Church spires to help boost wireless broadband across rural areas

A new agreement by DCMS and Defra with the Church of England will help improve mobile, Wi-Fi and broadband connectivity, across the rural areas, with the use of church spires in the UK. The government has signed an accord with the National Church Institutions (NCI) of the Church of England, to use its buildings and other property to enable any faster wireless broadband and Wi-Fi services to be distributed across rural communities.

Churches can be seen as one of thetallest structures in rural parts and their towers, or spires, can be adopted to be used for Fixed Wireless Access, or Wi-Fi, or for Mobile Broadband networks locally. However, this idea now of using church spires for such purposes is not new . Some ISPs like WiSpire in Norfolk have been at it for a long time, partnering with the Dioceses of Norwich and Chelmsford.

The agreement drawn between the government and the Church is no surprise, as the government had expressed their desire earlier to work with the Church to encourage and support deployment of networks to rural areas. The Church of England has 16,000 churches under its tutelage. Today’s accord apparently paves the way for possible similar accords with other faith communities in the future.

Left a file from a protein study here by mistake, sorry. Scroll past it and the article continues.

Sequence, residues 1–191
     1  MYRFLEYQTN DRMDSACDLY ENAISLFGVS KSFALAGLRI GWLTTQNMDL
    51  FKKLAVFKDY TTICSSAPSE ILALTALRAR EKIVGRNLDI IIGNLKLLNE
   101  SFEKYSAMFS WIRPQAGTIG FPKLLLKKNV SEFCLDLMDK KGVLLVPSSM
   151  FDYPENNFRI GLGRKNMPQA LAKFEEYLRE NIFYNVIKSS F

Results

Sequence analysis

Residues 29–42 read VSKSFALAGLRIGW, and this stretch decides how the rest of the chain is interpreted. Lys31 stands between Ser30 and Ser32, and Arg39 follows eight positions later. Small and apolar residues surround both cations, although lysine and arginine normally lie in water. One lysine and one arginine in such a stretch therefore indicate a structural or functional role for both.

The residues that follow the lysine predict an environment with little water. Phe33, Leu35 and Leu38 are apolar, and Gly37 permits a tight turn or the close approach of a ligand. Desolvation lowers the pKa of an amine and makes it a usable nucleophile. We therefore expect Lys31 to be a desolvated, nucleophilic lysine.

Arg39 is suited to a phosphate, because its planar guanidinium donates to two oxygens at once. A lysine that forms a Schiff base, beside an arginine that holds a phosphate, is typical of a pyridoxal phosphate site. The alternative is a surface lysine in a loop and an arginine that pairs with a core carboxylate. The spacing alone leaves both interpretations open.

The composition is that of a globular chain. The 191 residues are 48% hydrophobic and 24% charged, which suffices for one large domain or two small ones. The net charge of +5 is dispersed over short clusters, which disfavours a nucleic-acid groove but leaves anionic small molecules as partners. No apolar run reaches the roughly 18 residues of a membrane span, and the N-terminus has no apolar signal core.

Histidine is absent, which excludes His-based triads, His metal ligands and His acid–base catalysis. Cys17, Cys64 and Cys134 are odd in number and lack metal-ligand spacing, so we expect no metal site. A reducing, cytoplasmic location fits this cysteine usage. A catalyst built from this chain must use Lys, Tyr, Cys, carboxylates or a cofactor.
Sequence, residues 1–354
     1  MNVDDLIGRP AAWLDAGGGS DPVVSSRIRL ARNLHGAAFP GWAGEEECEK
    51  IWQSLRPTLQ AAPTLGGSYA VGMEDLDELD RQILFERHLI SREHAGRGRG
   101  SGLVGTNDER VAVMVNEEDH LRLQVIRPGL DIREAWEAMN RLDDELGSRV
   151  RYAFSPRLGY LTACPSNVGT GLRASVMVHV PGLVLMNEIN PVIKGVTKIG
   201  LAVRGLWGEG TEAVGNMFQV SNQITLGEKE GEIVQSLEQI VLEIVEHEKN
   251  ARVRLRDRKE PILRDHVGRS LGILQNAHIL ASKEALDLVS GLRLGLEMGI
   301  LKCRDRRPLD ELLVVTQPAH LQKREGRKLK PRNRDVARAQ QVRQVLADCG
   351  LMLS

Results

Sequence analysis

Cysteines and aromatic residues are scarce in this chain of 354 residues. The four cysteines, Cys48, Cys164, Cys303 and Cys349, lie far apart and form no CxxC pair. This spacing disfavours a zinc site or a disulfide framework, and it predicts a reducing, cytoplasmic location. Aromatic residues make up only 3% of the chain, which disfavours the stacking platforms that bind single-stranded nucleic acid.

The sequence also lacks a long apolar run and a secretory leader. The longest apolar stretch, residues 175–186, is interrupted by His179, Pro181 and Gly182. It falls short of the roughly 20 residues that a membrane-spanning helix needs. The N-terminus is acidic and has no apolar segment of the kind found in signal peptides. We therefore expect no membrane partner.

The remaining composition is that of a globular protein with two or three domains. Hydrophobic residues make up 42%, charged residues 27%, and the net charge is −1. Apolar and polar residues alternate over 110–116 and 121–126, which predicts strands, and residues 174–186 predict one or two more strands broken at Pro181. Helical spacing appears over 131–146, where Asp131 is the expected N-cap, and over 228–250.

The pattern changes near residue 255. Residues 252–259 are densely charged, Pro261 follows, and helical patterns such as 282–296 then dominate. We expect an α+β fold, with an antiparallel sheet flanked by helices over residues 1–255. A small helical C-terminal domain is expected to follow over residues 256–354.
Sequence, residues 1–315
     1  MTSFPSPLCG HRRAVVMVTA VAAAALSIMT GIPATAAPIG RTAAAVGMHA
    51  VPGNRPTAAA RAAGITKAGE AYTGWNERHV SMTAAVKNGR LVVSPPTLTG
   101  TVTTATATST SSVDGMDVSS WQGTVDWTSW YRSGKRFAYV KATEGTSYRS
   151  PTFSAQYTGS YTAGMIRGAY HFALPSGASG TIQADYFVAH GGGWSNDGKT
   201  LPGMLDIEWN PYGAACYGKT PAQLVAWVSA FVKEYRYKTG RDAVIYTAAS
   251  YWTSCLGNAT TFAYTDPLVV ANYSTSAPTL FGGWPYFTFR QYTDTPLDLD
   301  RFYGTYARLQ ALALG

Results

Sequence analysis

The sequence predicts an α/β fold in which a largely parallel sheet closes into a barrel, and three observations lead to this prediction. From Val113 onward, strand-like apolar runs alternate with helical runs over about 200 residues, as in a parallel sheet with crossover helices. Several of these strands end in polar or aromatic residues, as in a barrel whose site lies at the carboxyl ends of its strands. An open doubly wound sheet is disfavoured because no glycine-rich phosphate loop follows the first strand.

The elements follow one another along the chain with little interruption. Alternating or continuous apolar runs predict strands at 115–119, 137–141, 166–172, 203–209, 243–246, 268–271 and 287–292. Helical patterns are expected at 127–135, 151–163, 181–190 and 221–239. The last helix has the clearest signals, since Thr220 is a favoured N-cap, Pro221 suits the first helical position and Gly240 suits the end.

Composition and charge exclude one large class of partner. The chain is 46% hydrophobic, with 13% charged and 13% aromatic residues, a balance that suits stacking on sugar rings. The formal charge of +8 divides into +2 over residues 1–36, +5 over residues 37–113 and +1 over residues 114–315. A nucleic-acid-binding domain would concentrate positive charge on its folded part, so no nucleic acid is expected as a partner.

The new guidance ensures telecoms infrastructure doesn’t impact adversely the churches on its historical, character or architectural significance. The government will also provide advice to church organisations to enable them to support deployment or projects. Churches will be able to explore options to best serve their communities.

Wireless networks are most likely to be used, although satellite and traditional fibre cable, or fibre fed wireless networks too are suggested by the government. Secretary of State, Matt Hancock, who heads DCMS, said the agreement means even a 15th century church building can improve people’s lives by boosting connectivity across some of the hardest-to-reach areas.

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